On April 17, the Dallas Auction Gallery in Texas will sell a pair of extremely rare and exquisite 19th century vases made by the Imperial Porcelain Factory for the Russian czar. The vases will sell as a pair, and their estimate is $1 million to $1.5 million.
The precious vases mysteriously disappeared after the communists seized power in 1917 and plunged Russia into civil war, but a decade later they found their way to an American collection. In circumstances not fully clear, the 1.3-meter high vases probably left Russia during the sell-off of Imperial treasures that was the policy of the new Soviet government. In the mid 1920s the vases appeared for sale at the famous Bernheimer Gallery in Munich, Germany, and were subsequently purchased by American oil magnate, Frank Buttram, and his wife, who were touring Europe. The couple’s travel diary clearly lists their purchase of the Russian vases.
Mr Buttram (1886-1966) was born into a family of native American famers from the Chickasaw Nation. He eventually became one of Oklahoma’s famous “oil kings,” creating Buttram Petroleum Company, one of America’s largest oil companies before World War II. His heirs, who also reside in Oklahoma, are selling the vases.
Russian Imperial vases are some of the most valuable porcelain items ever made, selling for as much as $5 million for a pair. Their great value owes to the fact that they were made for the Czar and the empire’s most powerful aristocrats. The vases are large and difficult to produce, and they were made by the leading porcelain artists and craftsmen of the period.
"The rediscovery of these two Imperial vases is very exciting, first and foremost because they are of extremely high quality and date from the reign of Nicholas I, the golden era of Russian porcelain production" said Ekaterina Khmelnitskaya, curator of Russian porcelain at the State Hermitage Museum in St Petersburg, the former Imperial capital where the vases were made. "In addition, it’s an incredible surprise to find Russian Imperial vases in the heart of the American "Wild" West, which Soviet propaganda told us was a brutal and lawless place."
In September Ms Khmelnitskaya studied the vases in an independent private capacity, and confirmed their authenticity.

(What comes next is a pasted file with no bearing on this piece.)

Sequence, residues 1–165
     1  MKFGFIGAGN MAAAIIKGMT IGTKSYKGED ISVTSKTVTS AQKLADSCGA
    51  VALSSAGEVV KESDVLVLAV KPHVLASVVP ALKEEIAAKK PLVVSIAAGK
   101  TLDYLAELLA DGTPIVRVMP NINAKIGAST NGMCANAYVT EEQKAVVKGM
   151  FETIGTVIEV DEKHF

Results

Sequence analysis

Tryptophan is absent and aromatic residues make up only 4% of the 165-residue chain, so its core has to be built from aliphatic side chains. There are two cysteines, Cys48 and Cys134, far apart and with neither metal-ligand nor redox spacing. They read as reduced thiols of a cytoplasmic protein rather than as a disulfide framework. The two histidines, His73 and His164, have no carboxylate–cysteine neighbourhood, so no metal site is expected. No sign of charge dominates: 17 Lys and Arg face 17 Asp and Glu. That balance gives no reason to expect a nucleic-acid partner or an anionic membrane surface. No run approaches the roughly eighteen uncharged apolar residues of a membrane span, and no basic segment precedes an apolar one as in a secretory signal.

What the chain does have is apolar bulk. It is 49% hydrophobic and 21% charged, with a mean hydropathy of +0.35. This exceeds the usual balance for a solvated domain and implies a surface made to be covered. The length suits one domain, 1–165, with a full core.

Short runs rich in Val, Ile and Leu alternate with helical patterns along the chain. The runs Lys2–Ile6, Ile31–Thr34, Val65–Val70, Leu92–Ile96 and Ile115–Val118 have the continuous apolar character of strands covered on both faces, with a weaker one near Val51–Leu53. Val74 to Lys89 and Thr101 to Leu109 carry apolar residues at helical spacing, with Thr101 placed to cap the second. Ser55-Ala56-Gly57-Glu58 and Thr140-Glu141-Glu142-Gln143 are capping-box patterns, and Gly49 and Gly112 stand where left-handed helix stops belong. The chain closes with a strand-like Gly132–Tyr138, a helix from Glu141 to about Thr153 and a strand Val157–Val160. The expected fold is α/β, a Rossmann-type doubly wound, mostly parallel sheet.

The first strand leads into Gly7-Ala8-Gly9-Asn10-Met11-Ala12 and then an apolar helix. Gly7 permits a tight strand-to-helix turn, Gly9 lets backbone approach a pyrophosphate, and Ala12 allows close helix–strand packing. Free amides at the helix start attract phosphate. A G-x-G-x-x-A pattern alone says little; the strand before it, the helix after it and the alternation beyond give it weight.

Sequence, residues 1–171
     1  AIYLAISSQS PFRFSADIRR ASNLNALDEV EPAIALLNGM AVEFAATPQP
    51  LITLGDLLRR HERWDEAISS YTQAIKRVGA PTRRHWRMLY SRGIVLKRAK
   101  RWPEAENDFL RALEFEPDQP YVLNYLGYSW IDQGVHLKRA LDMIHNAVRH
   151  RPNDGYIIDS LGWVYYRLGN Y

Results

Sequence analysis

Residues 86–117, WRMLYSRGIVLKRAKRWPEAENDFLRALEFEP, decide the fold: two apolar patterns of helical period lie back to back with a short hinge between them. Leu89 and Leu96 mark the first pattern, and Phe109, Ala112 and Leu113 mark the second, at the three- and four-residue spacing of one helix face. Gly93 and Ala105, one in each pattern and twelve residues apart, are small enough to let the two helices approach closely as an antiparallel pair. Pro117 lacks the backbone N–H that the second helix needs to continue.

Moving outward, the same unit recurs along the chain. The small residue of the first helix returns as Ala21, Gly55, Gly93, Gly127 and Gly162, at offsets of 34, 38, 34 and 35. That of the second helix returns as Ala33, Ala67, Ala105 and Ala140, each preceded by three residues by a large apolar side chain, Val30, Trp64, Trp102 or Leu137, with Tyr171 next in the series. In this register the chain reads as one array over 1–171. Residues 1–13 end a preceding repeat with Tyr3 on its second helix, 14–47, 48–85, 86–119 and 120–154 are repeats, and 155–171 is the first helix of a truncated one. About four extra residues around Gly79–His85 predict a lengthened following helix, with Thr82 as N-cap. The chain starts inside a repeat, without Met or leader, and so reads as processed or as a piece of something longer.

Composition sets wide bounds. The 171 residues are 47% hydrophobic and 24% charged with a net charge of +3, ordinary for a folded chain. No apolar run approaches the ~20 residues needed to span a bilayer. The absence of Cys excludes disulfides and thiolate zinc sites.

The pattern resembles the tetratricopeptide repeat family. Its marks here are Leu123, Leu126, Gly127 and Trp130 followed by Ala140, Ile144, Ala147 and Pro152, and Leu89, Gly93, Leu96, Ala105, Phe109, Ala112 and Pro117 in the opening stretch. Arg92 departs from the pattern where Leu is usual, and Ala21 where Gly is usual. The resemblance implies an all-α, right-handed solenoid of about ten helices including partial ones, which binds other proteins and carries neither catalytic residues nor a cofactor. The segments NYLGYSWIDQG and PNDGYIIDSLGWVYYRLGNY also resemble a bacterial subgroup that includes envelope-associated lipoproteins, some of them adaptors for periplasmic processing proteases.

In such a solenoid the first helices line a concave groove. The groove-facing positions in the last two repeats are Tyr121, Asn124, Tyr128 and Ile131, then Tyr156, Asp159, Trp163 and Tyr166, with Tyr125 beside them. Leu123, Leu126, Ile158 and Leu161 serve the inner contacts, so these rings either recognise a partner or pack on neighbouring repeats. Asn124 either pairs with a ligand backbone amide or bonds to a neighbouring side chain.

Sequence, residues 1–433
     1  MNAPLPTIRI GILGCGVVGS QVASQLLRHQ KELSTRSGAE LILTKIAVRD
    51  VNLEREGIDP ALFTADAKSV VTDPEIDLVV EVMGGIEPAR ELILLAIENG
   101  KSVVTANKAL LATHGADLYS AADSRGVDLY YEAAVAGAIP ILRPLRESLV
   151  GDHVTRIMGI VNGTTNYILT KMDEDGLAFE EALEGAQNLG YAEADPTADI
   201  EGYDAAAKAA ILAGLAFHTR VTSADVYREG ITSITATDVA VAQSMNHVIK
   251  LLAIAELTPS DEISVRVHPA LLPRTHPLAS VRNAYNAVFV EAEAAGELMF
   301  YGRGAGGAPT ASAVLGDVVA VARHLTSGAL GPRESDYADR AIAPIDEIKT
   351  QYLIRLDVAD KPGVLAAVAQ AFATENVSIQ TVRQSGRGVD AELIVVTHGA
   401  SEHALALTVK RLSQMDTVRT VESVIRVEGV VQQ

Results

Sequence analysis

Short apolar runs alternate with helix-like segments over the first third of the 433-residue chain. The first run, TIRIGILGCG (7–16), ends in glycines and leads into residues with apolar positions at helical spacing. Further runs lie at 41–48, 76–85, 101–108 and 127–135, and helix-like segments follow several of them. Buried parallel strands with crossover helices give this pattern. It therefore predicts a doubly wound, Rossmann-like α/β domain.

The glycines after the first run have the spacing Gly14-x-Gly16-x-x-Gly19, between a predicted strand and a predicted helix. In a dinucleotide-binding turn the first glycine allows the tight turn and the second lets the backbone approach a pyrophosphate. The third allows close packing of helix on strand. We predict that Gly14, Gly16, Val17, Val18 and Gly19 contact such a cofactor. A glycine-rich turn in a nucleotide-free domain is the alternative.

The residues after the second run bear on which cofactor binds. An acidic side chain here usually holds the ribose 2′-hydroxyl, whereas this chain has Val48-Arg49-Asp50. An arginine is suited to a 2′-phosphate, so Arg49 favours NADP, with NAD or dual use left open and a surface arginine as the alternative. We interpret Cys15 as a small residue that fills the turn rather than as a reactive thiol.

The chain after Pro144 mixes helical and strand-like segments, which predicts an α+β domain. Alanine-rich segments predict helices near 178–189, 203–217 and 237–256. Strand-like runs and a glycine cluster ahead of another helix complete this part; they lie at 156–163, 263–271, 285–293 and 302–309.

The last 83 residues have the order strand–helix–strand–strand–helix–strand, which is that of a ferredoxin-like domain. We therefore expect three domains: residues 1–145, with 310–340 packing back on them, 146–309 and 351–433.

The bodies of both bandeau shaped vases have a rich plum colored ground, and are decorated with handles shaped as acanthus scrolls. The superb execution of the raised ornamentation creates an illusion of gilded chased metal or bronze. One vase is decorated with a copy of a painting from the collection of the Hermitage Museum -- "The Concert" by Dutch painter, A. Palamedes (1600-1673).
"Based on archival records, we know that this painting was sent from the Hermitage to the Imperial Porcelain Factory in 1832 in order to make a copy on a vase," said Ms. Khmelnitskaya. "The painting on this vase was created by Semyon Golov (1783-1849), who was one of the best copyists, specializing in historical paintings and painting figures."
The painting that was copied on the second vase cannot be identified. According to Hermitage experts, we know that this 17th century Dutch painting is no longer in the Hermitage. It probably was sold abroad with other artworks in the 1920s. But we do know that Vasily Meshcheriakov (1781-?) was the author of the porcelain copy of this painting. He was one of the factory’s best copyists, who frequently reproduced pictures on vases, many of which can still be seen in the Hermitage porcelain collection, and in other major Russian museums.
Experts are very excited by the fact that the Imperial vases in Dallas are close relatives of a pair that is still in the Hermitage Museum.
"The Hermitage has a pair of the same bandeau-shaped vases with a blue background and with the same gilded décor," said Ms Khmelnitskaya. "They were created in 1831 and based on our archival research they were presented to Emperor Nicholas I as an Easter gift. The paintings on these vases were also made by the artists Golov and Meshcheriakov. Most likely after they finished the pair still in the Hermitage they began to paint the pair of vases at the Dallas Auction Gallery."
Russian Imperial porcelain – a brief history
The Imperial Porcelain Factory was founded in 1744 by Empress Elizabeth I, the daughter of Peter the Great. It is one of oldest porcelain factories in the West, and was the personal property of the Russian royal family, primarily working to outfit imperial palaces with the finest tableware and items for interior decoration.
During the reign of Nicholas I (1796 - 1855, emperor since 1825), the Imperial Porcelain Factory achieved an unprecedented level of production. Professional masters, benefitting from an improved production cycle, perfected the artistic quality of the factory’s output. Large porcelain vases were the most prized items, and they were given the best spots in palace interiors: placed above fireplaces, rested on special pedestals in the center or corners of rooms, and flanked grand staircases.
The IPF has survived revolution, nationalizaton, and war, and today it still produces porcelain, owned by Moscow businessman, Nikolai Tsvetkov and his wife, Galina. The factory’s museum, however, is owned by the State Hermitage Museum, and thus we have a near complete history of Russian Imperial porcelain.